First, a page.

When happened next needs some explanation. When I am in dangerous situations, everything slows down as I evaluate my options. What I am talking about is the feeling of one to two seconds being enough time to evaluate several options and the likely success of each of them. The effect is of time slowing down and a heightening of your senses and observations.
The first realization was that I was traveling quite fast on a wet road on ultra thin, slick tires. Braking in time was out of the question. This led me to imagine my first option. You may think it is funny but, due to the amount of time to impact, I first thought my only option was to lock up the rear wheel of my bike and lay the bike and myself down on the pavement. My speed and the damp road condition would possibly allow my body and bike to slide under the moose, between it’s legs, a space that appeared to afford enough room to pass through, judging from the over all size of the animal. In a millisecond I discounted this option, since it was practically guaranteed to result in injury (of me, not the moose). That left two options. To aim for the oncoming lane side, where the moose’s head was, or to the right-hand side of my lane, where the moose’s flank was. Logically, I knew the option of steering around the flank was the most reasonable. If the animal were startled, it would likely move forward. The problem was that centrifugal force was moving me to the outside of this downhill curve, on a low friction pavement surface. Any abrupt steering input would most likely result in a skid and loss of control. The stakes were high, with craggy ditches on either side of the road.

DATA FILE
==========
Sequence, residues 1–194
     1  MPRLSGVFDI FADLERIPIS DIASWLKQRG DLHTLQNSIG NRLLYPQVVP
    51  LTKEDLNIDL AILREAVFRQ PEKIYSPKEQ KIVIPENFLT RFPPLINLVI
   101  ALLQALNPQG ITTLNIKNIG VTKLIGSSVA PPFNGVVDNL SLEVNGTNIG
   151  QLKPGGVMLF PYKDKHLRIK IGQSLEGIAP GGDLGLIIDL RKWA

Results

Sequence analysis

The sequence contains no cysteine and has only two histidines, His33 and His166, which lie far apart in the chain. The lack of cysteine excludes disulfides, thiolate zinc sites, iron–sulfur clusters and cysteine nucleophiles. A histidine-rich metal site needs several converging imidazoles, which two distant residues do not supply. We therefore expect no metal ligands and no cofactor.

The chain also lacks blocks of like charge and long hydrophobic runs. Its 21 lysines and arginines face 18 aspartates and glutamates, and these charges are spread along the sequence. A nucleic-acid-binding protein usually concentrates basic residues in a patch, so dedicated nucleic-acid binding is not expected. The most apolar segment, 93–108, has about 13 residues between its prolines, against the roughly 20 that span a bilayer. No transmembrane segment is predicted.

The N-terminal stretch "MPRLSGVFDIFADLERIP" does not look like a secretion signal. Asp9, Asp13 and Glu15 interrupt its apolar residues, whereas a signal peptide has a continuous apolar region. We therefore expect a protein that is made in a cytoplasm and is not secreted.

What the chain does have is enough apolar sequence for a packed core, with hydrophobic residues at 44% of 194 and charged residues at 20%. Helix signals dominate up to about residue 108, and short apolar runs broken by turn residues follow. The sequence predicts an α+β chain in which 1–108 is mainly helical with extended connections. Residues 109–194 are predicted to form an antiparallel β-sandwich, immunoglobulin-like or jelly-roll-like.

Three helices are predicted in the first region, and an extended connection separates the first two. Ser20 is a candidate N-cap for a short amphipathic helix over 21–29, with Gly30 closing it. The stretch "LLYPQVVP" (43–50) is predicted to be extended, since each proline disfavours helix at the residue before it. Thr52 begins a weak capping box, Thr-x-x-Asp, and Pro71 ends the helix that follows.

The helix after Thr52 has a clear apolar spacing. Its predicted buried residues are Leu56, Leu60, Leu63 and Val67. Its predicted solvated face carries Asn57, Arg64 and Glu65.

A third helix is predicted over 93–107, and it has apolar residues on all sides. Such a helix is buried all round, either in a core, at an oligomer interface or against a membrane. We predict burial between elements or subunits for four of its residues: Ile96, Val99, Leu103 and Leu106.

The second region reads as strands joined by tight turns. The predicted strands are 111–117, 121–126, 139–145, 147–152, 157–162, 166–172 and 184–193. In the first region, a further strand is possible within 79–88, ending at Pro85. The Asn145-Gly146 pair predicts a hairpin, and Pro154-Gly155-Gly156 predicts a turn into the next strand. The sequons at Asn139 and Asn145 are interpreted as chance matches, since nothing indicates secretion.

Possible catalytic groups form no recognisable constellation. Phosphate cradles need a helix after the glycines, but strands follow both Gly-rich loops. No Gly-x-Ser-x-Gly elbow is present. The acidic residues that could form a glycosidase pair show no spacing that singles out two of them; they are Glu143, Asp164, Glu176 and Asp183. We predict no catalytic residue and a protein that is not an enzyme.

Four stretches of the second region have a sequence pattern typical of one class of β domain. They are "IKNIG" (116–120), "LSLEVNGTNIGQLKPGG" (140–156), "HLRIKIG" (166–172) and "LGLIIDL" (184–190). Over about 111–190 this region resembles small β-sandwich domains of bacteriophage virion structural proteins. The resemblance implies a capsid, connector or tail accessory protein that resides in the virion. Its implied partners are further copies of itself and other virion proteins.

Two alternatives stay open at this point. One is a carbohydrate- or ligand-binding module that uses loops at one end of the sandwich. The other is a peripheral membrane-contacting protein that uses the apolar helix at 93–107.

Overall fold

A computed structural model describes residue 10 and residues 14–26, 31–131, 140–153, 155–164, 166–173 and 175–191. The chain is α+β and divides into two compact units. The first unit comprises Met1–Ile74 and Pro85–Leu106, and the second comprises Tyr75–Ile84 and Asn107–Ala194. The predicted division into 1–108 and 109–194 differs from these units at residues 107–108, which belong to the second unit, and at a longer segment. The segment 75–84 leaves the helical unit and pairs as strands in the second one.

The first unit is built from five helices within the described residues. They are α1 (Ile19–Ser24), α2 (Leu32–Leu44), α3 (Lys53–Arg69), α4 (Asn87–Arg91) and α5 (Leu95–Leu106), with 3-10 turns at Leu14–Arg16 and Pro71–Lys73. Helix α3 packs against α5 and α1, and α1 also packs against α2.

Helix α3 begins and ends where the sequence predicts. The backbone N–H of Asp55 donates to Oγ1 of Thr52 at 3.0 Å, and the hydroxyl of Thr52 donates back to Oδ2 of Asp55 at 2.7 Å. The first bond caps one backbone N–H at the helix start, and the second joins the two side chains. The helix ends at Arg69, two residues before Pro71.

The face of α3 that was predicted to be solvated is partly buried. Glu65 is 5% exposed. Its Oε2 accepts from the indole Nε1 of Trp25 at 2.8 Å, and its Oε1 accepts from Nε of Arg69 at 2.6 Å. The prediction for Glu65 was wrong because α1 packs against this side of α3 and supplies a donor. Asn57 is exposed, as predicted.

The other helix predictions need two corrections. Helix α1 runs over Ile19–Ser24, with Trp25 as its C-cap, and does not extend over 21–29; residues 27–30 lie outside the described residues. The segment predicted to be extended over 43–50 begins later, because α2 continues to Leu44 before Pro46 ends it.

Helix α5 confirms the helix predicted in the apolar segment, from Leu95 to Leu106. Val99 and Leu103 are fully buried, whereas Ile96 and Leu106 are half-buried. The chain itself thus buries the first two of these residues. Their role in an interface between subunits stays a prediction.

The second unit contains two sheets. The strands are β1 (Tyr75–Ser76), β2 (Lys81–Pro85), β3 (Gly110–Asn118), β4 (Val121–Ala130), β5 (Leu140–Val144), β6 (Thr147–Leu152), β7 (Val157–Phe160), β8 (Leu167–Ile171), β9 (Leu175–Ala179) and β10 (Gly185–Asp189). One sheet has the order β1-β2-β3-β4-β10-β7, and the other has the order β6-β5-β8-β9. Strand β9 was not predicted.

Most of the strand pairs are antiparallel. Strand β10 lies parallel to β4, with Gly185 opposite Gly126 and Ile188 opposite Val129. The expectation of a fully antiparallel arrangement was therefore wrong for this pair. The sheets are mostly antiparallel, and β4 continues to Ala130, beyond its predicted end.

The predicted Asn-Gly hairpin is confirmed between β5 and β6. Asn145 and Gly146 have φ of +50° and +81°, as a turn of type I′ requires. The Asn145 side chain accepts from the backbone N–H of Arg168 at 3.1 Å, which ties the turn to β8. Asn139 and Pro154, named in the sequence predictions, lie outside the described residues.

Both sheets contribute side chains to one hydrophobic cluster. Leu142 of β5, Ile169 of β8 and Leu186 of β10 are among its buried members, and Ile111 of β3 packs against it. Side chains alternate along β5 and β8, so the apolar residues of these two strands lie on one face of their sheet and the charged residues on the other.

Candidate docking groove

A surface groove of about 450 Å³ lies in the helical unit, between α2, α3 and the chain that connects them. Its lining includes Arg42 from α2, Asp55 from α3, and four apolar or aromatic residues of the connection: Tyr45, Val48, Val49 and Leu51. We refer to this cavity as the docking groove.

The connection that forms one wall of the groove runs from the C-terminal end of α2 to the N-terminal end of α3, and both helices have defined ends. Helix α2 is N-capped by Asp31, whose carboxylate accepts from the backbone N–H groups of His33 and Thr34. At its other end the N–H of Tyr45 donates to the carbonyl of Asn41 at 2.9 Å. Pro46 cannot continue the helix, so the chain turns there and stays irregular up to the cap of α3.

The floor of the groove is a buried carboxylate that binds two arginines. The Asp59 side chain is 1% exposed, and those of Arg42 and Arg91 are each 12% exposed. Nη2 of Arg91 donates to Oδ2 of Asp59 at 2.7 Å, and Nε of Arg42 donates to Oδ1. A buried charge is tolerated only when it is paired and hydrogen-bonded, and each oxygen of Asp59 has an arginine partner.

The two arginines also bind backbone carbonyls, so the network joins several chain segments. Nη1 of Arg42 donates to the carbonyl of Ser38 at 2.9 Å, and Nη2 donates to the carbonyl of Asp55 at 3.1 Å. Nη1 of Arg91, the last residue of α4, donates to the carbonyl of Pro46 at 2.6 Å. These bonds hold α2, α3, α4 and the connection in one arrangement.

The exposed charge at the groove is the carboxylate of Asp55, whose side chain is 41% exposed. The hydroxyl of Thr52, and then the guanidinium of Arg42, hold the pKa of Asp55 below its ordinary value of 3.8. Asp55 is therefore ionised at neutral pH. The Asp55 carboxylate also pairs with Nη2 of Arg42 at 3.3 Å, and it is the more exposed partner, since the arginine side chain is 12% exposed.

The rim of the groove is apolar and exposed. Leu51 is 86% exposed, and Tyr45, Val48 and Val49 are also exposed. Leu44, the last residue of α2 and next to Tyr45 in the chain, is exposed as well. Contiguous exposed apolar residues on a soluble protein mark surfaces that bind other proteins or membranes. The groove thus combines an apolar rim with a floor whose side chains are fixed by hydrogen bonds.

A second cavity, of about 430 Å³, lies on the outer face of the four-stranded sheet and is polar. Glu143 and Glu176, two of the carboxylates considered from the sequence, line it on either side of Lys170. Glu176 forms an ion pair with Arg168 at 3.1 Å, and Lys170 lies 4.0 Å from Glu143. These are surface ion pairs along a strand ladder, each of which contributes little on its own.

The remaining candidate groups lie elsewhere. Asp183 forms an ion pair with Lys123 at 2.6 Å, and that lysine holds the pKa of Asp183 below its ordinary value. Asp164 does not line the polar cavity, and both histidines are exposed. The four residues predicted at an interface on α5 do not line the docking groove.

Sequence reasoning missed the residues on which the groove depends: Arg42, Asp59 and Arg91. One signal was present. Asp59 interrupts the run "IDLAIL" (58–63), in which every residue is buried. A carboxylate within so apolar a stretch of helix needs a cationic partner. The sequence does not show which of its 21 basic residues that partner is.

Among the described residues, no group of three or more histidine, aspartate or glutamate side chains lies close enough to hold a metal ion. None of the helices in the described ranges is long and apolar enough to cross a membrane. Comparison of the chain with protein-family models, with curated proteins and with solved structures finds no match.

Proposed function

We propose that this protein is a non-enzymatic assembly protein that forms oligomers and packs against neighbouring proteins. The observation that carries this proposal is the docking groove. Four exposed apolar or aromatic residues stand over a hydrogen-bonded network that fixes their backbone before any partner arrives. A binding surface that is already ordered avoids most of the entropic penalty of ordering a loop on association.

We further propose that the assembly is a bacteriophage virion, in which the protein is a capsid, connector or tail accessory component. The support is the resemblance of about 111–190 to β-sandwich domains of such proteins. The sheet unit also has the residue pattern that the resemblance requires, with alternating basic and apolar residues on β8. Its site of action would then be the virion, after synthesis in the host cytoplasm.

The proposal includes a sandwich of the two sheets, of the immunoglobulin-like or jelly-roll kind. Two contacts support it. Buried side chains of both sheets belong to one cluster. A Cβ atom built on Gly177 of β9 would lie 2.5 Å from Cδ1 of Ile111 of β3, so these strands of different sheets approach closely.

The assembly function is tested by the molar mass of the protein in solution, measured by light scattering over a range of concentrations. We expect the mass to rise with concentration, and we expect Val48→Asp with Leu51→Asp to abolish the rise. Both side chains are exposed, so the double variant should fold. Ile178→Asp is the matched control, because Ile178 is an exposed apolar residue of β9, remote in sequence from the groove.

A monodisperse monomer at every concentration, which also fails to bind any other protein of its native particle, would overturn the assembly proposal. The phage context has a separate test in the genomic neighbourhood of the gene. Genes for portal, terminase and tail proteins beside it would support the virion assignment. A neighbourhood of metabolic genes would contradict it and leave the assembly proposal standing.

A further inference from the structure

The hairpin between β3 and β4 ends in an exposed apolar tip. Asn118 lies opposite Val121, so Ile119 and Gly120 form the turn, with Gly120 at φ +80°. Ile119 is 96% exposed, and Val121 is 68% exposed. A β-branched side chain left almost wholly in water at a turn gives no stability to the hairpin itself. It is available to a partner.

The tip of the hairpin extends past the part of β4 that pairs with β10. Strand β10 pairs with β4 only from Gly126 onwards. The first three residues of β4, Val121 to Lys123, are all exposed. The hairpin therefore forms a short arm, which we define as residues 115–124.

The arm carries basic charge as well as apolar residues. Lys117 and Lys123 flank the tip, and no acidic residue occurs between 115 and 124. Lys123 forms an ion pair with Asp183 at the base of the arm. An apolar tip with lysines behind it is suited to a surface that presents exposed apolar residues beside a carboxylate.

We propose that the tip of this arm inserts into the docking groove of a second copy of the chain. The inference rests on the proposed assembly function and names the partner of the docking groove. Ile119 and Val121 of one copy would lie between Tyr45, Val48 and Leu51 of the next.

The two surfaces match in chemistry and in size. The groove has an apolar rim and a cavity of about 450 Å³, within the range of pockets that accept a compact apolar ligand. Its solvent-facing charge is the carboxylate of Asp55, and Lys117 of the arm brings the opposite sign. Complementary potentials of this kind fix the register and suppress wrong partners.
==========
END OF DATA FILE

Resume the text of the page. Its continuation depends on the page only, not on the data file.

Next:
Taking everything into account in my roughly two seconds of analysis, I made my decision and started to commit to it. I would slightly veer to the left, with as little steering input as possible to limit skidding, to pass the moose on the head side. If the moose moved forward, we would collide.
As I remember it, there was a strange serenity in that millisecond as I passed the moose. My hands were off the brakes and I was trying to relax my body, in anticipation of impact. For this plan to work correctly, and for me not to end up in the ditch, my path would take me quite close to the moose. This closeness, plus my heightened senses, let me see, in minute detail, the texture of the animal’s fur and smell the damp mustiness that emanated. I remember thinking that perhaps it would be a sort of soft airbag effect, to make contact with that fur. At the expected point of impact, luckily for me, the moose did not move. I flashed by, like a moment of victory at a finish line. Looking behind me, a few seconds later, I saw the moose had turned and lumbered back into the woods on the inside of the curve. I had made the right choice and had survived my first close encounter with a moose.
There were other stories to come out of this cycling adventure, but they are for another time.
Story by Steve Stoller.